At first glance, the Profiler from Telos Systems appears to be a replacement for the modified cassette machine that exists in nearly every radio station. We've all installed such machines after spending hours trying to devise ways to keep the auto-stop feature from activating while the motor is stopped, or to keep the pause/run of the machine synchronized with the microphone on/off state. I've gone so far as to install bread-board circuits inside to convert the console logic to one the cassette machine could deal with. Many times, these machines would soldier on in the studio with little or no maintenance, but when they broke and the new one arrived — sans the needed modifications — hours were spent cooking up new modifications. The cassette's day is at sunset nonetheless.
At closer inspection, the Profiler could replace the dreaded open-reel logger, too. How many times have you tried to find an air check on one of those historical artifacts? Never mind the abhorrent audio quality present on the segment you actually found; try sending that to a client.
The Telos Profiler is entirely digital and devoid of nasty mechanical mechanisms, tape heads and best of all, backroom modifications. Profiler runs on a Windows-based PC. The minimum PC specs are a Pentium-II/400MHz PC (or better) running Windows 2000 or Windows XP Professional with 128MB RAM and an open PCI expansion slot for the included balanced-I/O audio card. It requires 5MB of hard drive space for the system files. A minimum of 30GB free space is suggested for audio storage. The playback software requires a Pentium-class PC, 64MB RAM, Windows 95 or better and 5MB of hard drive space. Telos includes a 5V PCI card, so don't plan on running it on the newer 1RU computers that feature the 3.3V PCI slots.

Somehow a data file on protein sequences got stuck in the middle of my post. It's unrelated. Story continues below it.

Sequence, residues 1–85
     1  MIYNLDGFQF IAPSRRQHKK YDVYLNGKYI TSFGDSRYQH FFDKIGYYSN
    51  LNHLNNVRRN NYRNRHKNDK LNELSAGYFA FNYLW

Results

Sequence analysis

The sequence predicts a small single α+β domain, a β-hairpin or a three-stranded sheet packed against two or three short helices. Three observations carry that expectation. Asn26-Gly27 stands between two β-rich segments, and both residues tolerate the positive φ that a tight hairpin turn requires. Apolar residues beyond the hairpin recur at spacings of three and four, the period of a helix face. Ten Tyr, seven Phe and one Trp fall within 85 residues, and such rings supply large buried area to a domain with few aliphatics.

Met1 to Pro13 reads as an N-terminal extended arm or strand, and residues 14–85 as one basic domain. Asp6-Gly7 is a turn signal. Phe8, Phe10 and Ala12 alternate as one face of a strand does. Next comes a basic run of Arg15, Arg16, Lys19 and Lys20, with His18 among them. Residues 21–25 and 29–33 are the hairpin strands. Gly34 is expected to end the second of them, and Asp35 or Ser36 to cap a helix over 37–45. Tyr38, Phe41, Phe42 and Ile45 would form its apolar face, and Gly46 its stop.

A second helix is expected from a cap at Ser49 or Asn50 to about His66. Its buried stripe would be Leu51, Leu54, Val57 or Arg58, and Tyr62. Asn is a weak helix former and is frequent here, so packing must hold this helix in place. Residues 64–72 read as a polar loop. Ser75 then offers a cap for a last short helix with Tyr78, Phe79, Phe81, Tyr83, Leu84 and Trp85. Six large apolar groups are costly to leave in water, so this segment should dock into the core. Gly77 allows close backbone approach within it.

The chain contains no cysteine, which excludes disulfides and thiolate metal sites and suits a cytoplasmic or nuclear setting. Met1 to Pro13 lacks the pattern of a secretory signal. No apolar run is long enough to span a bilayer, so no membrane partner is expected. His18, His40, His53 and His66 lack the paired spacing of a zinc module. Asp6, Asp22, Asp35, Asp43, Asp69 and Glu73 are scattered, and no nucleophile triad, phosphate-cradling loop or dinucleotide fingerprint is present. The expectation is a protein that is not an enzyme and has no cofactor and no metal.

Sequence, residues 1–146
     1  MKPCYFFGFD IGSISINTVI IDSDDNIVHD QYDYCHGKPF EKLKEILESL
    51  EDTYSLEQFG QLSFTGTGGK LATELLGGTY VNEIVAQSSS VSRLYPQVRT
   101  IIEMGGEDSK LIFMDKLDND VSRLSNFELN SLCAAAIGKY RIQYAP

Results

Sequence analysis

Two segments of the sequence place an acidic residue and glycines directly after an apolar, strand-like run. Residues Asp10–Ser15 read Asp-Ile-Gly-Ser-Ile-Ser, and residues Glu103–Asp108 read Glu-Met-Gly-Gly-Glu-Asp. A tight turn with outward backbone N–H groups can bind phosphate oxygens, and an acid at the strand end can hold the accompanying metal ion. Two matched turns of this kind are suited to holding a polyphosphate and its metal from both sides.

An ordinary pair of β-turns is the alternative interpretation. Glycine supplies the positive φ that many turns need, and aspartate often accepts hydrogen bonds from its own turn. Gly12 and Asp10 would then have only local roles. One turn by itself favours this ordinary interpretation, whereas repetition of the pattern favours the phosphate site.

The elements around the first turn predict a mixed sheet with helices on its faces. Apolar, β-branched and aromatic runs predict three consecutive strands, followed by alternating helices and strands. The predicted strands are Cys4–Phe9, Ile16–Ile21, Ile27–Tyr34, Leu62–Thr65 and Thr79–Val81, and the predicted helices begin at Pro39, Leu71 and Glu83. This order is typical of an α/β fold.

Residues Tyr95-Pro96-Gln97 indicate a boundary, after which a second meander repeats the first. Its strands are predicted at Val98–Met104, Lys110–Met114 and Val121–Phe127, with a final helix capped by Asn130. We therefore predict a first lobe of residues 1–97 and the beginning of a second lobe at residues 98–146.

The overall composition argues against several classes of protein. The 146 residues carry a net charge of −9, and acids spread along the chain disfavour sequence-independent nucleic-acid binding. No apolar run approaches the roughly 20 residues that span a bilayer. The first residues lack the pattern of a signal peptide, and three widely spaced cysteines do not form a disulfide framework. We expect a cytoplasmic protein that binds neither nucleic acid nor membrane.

Performance at a glance
Pre-record buffer for skimming
Supports bit-rates from 16 to 320kb/s
Fraunhofer MP3 compression
Multiple archive capability
Simultaneous skimmer and logger
Creates time-stamped audio files
IP archive client access
The benefits of the Profiler system are abundant. All audio is collected in the form of 15-minute chunks; these files can easily be transported via the LAN, USB memory drives or CD/RW. Copying these types of files happens at many times normal speed and you can easily fit several hours on a single CD. Profiler uses Fraunhofer MP3 compression so the files it creates are of respectable quality and can easily be imported into editing programs such as Pro Tools or Audition. We even re-air them in our weekend “best of” compilations.
Another feature of the Profiler system is its ability to act as a logger when the mic is closed and a skimmer when it is opened. The system will automatically increase the encoded bit-rate when it detects a contact closure so that live segments are captured in higher quality than the recorded programming — or the opposite, if you prefer.
The server software configures the various recording streams.
Profiler keeps tabs on disk space and continually knocks the oldest element off to make space for the new ones. If you prefer, you could have a program such as Retrospect archive the files to an alternate location and keep an infinite history. Because each file is time stamped with the date and time, simple file copying will create a somewhat organized archive. Further organization is provided by way of folders that contain each day's audio. Any more organization would be manual or a function of the backup software you choose.